Monday, January 16, 2012

Celebrating Martin Luther King, Jr.’s Birthday The Day After
By Joan M. Martin

Yesterday was The Reverend Dr. Martin Luther King, Jr.’s national holiday.  Children were interviewed on national TV reading the words of the civil rights leader etched into the new MLK, Jr. Memorial on the National Mall in Washington, D.C.  Churches, synagogues, and mosques held interfaith worship services across the country.  Original manuscripts of Dr. King’s speeches with his own handwritten editing comments crossed out or added were released for the first time by the King Center in Atlanta, GA. Most governmental offices and public schools and services observed the day by being closed. Yes, there were even several of those corporate commercials entreating us to “Keep the Dream Alive!”

Employee and administrative offices were closed at Episcopal Divinity School, but at I worked yesterday, as did most faculty members and students and several librarians. Classes met so that students could receive the required teaching-learning hours necessary for full course credit for the two-week January Intensive Session. Rarely does the Dr. King’s birthday fall during the winter intensive session, so it really felt odd to be in class!  So, I began my class on the “Ethics of Vocation and Work in Church and Society,” reminding my seminar participants that throughout his life Dr. King championed the civil rights of laborers, poor whites, people of color, and the right to organize by the U.S. Labor Movement.  We recalled that Dr. King spent his last days alive in Spring 1968 in solidarity with striking black sanitation workers in Memphis, TN.  There, he marched, spoke, and prepared the way for the proposed Poor Peoples’ March on Washington to occur later that summer.  How fitting and proper that our seminar understood at a new and deeper level Dr. King’s vocation to participate in creating God’s “beloved community,” and his work of human rights and solidarity given in the ultimate measure, with his very life.

This Martin Luther King Birthday 2012 falls in the midst of the greatest economic insecurity in the U.S. since the Great Depression, and in the uncertain shockwaves of the instability of global capitalism in the European Union and the recession in the U.S. economy. In July, The Christian Science Monitor reported that, “All racial groups lost ground in the recession, but blacks and Hispanics lost a bigger share of their net worth, a new study finds. As a result, the wealth gap is at its widest in at least 25 years.”[1]  Further, as Paul Krugman suggested in The New York Times yesterday, “If King could actually see American now … he would see that … what we actually became is a nation that judges people not by the color of their skin — or at least not as much as in the past — but by the size of their paychecks. And in America, more than in most other wealthy nations, the size of your paycheck is strongly correlated with the size of your father’s paycheck. … Goodbye Jim Crow, hello class system.”[2]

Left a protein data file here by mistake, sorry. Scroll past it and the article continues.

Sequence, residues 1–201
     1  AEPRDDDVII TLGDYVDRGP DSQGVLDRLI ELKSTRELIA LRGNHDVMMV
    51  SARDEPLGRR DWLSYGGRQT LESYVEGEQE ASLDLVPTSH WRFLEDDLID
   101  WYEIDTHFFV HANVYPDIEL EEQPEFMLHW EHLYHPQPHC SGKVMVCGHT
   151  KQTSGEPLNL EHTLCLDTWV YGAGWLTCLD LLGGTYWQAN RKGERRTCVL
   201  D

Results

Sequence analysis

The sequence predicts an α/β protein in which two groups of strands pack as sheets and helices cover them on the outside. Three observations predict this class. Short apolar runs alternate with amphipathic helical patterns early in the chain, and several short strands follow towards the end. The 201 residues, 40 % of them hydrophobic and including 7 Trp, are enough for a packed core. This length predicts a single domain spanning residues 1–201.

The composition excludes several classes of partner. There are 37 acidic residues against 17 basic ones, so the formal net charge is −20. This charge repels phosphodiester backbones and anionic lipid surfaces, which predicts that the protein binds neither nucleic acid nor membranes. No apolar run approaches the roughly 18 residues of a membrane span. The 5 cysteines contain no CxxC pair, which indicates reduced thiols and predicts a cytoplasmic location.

Wealth, poverty, unemployment, job creation, access to healthcare, racism, and the role of government are the issues that Dr. King believed were ‘inextricably bound’ to the human flourishing from the perspective of economic and class injustice.  The call for “jobs” must entail job creation commensurate with the skills of the unemployed, particularly in the declining middle class with income that preserve and create new formations of stable civic and economic communities.  Just as important and more so, is the educational and skills development for entrepreneurship in service, technology, and information/communications industries for those in racially and economically marginalized communities – urban, ex-urban, and rural – that provides for serious competitive opportunity in economic sectors where there is economic mobility.  For such changes to be envisioned, the old “private/public sector” arrangements will have to give way to new forms of partnerships of all the stakeholders, beginning with those who need work and those who need the physical and community infrastructures of economics to be repaired and to grow as an integrated program ‘green’ integrity. In the electoral season now upon us, as well as in the continual grassroots organizing coalescing under the canopy of the 99%, we have yet another opportunity to concretely struggle with nature of “The Dream” for the second decade of 21st century and beyond, and participate in the creation of the “beloved community” ever before us. Let our cry, “Remember the Dream,” be more than a once a year sentiment.  Rather, let it be an active engagement in it as our vocation and work in church and society.

[1] Patrick Wall, “Wealth Gap Widens: Whites’ Net Worth is 20 Times That of Blacks,” The Christian Science Monitor July 26, 2011,; accessed 01/16/2012.
[2] Paul Krugman, “How Fares the Dream?,”The New York Times, January 16, 2011,; accessed 01/16/2012.

Thursday, May 26, 2011

A Reason To Vote Along Racial Lines
by Rebecca Alpert

Growing up as a baseball fan in the 1950s and 60s, I could not wait until the All-Star game rolled around every July. (Imagine my delight during the years when there was a second game in August!) Back then, fans didn’t choose the players, so I would eagerly anticipate the announcement of the teams in the newspapers. Then I would rummage through my baseball card collection to pull out the All-Stars and admire their accomplishments. Watching the game on television was thrilling to me, no matter the outcome. If I was in summer camp, my mother would dutifully send me the newspaper clippings and box scores. My parents were avid baseball fans, but this exhibition game meant nothing to them. I am not really sure why it appealed to me, then or now. Taking my son to the game when it took place in Philadelphia in 1996 was a peak moment. For me it is an annual ritual on my sacred calendar, a holy day to celebrate like the birthdays of family and friends, Thanksgiving, Passover.
When I began to do research on the roles Jews played in black baseball a few years ago, I was delighted to find out that the Negro Leagues had their own all-star game (called the East-West game and held in Chicago every year) that was the centerpiece of the black baseball season. From its inception in 1933 the East-West game provided an opportunity for all the men of African descent who could surely have been in the majors if not for the color line to showcase their talent in a very public way. This knowledge permitted me to justify my obsession with the All-Star game; now not only a guilty pleasure but also a potential vehicle for a political message.